One of the insights from this year’s AXELOS PPM benchmark report was that poor communication continues to be the biggest challenge hampering projects and programmes. Even with the availability of a vast choice of communication technology many project teams fail to communicate effectively.
So, it might not be too much of a surprise that 35% of those surveyed for the report thought poor communication was one of the factors that contributes to PPM functions struggling to achieve success.
‘Communication problems’ are regularly cited as a difficulty faced by people working on projects yet communication skills are one of the most basic business skills needed in any work environment. This might just be a minor issue in some cases but in others, it can often be the most significant problem encountered.
The importance of effective communication
Effective communication is fundamental to the agile way of working but it will not just happen; it needs to be made to happen. In order to achieve the most effective and productive communication possible on a project, it is vital to interact in the most appropriate way, at the most appropriate time and using the most appropriate method. Again, everything needs to happen at once.
Communication on a project is everywhere but will always be difficult to some degree. It is often noted that a small team located in the same room and working on one product can be highly effective. Part of the reason for this is that the communication between the team members can be fast and clear.
However, if a new project team is assembled to work on something demanding and with lots of uncertainty, communication problems are inevitable.
One particular example of a communication problem is when a manager primarily manages a team using email. On the surface this will cause communication to be slow and open to misinterpretation. There is also a much more serious problem that is likely to emerge with this form of communication: it takes the energy out of a team as people spend more time on email than interacting with one another.
Ultimately, this could even destroy the ‘heart and soul’ of a team. One potential solution for this is to ban emails on a certain day within teams that are based in the same location unless issues clearly need to be resolved in written form.
To run a project in the most effective way and to get the most effective use of methods such as PRINCE2 it is very important to move the communication traffic to the most effective channels.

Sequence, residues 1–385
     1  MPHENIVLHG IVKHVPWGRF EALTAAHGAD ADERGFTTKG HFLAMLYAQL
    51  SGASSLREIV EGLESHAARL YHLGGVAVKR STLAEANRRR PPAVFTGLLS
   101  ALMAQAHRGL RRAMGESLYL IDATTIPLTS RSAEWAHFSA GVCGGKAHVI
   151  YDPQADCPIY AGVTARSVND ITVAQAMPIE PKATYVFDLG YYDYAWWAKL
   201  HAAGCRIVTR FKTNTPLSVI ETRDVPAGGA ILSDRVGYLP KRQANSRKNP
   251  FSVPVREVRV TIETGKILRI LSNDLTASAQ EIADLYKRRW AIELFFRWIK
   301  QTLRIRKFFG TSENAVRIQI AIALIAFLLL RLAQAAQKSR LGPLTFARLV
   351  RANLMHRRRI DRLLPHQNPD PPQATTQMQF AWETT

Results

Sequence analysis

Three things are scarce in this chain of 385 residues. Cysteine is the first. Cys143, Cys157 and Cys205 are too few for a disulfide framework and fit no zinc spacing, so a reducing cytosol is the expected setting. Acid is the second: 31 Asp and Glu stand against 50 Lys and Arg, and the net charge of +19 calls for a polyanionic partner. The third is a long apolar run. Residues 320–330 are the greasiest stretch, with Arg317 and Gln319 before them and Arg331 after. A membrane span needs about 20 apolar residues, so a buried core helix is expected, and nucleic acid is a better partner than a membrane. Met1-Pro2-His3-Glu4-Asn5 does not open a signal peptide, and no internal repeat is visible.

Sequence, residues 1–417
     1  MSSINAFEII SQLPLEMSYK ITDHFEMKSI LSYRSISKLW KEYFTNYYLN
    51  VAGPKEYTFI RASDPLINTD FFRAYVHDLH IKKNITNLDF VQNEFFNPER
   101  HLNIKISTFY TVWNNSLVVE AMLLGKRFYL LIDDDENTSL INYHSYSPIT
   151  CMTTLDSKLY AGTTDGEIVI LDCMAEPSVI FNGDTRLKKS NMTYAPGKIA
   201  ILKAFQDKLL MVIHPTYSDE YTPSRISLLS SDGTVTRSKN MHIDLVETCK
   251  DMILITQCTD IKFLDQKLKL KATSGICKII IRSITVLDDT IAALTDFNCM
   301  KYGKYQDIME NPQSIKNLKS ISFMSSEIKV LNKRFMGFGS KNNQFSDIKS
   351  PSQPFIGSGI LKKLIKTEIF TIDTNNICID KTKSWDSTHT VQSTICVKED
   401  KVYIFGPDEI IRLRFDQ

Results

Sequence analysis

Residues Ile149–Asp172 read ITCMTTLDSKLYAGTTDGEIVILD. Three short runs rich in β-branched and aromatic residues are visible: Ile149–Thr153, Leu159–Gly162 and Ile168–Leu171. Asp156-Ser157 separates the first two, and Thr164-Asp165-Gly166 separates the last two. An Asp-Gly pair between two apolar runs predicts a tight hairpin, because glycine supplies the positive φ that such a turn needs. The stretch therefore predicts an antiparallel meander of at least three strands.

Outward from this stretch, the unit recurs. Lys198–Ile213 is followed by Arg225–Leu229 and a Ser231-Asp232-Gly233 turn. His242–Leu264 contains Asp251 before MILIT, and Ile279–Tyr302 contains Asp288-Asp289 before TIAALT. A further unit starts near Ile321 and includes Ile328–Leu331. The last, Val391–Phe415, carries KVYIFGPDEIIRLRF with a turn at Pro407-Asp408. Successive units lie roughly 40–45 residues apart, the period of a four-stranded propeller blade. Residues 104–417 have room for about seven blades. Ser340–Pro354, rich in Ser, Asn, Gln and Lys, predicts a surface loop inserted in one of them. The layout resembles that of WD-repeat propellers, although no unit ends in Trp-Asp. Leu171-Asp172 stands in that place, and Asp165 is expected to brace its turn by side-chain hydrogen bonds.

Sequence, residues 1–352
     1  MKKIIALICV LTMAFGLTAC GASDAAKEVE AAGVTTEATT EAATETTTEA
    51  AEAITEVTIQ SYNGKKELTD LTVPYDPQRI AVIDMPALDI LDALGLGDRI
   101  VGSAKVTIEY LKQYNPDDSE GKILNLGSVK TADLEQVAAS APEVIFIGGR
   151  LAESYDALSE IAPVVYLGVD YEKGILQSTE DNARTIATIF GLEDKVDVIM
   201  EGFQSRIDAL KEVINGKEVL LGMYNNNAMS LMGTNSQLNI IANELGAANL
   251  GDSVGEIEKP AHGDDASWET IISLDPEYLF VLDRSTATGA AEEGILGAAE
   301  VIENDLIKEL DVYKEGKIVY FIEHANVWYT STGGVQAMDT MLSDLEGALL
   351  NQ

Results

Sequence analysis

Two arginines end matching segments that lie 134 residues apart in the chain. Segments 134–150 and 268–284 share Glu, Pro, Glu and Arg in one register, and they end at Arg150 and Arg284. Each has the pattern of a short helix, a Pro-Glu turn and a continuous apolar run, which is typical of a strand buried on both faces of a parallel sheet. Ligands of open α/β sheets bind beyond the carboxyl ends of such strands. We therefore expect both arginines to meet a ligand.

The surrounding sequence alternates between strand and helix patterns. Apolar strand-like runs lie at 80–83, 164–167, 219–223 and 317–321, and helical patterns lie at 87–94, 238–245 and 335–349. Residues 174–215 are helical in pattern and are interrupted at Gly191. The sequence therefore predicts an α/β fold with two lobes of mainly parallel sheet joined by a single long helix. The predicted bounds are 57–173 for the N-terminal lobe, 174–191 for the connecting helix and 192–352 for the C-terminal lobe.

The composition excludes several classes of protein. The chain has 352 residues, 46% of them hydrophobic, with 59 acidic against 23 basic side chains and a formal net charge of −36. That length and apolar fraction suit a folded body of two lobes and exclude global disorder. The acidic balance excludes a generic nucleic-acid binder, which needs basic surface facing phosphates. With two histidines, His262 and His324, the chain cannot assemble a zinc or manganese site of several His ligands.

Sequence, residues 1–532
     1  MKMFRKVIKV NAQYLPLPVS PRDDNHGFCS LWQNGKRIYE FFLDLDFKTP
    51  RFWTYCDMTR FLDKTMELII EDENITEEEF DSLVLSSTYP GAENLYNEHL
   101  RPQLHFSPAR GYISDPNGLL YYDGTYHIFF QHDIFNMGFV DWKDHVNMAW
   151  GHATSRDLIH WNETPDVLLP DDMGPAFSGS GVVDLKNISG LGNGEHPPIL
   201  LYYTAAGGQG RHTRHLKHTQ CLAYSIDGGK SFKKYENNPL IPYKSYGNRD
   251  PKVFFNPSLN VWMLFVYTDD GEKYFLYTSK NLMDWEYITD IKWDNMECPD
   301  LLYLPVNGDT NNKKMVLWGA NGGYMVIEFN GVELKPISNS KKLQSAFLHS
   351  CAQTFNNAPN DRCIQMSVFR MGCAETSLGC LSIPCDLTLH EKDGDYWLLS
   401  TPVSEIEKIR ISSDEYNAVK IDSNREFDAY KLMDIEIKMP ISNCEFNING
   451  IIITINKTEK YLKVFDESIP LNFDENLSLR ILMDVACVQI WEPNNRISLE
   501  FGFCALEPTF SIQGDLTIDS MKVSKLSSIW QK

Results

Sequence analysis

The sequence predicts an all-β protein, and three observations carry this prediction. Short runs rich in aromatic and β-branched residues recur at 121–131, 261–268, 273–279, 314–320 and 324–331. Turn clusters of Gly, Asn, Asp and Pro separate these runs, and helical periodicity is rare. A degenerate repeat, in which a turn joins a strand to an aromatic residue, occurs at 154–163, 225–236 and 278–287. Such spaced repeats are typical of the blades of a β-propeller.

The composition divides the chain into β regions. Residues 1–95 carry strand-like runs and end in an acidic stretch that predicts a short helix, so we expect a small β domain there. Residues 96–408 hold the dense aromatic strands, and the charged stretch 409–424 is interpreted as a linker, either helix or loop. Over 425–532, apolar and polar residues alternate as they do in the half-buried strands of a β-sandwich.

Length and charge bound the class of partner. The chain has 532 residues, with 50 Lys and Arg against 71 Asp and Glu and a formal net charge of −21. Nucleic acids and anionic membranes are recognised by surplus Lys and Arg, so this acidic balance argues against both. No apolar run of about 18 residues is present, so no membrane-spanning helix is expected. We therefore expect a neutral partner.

How to communicate most effectively
Of course, there are various channels that can be used nowadays: written communication in the form of documents, emails or instant messaging, visual communication in the form of figures or picture, verbal communication through the phone or the use of webcam.
One of the best ways is to use as much face-to-face communication as possible, ideally accompanied by visualization. This is why a team room with lots of information and visuals available on the walls is seen as an ideal situation.
However, projects may involve several people and involve many teams; this is far from ideal as more people mean more interactions with the increased chance of miscommunication happening.
Yet, it is still essential to move the communication traffic to the faster, clearer channels: phone (or similar technologies) should be favoured over email, and face-to-face should be favoured over the phone. Webcams and collaboration tools can help build a multi-faceted approach to communication.
There is no perfect solution as the ideal way to communicate is based on circumstances. However, a mix of channels often works best. If there is a problem or misunderstanding, the best way is to start with a face-to-face conversation followed-up with an email to confirm what has been discussed.
It is important to see communication in an agile environment as a shift in emphasis, because an agile team needs to work faster due to the iterative and responsive nature of agile. Agile therefore makes extensive use of workshops, face-to-face meetings, visualizations in the form of models and prototypes, and video.
But this does not mean there is no a place for email or written documents (which need to be used to record decisions and actions); it just means that some, or most, of this needs to be moved to the faster, clearer channels whenever possible.
By doing this, you might be able to improve your communication and increase the success rates of your projects.
Allan Thomson is a PRINCE2-qualified Project Manager with over 25 years of experience in project, programme management and PMO. Allan is particularly adept at the implementation of PRINCE2 into organizations, Microsoft Dynamics solutions, risk management, business implementation, new product development, business improvement, software implementation and change management.
Allan joined AXELOS in May 2014 and with his expertise supported the PRINCE2 update in 2017. As the global PPM Product Ambassador he is responsible for representing AXELOS’ PPM product suite at conferences and events.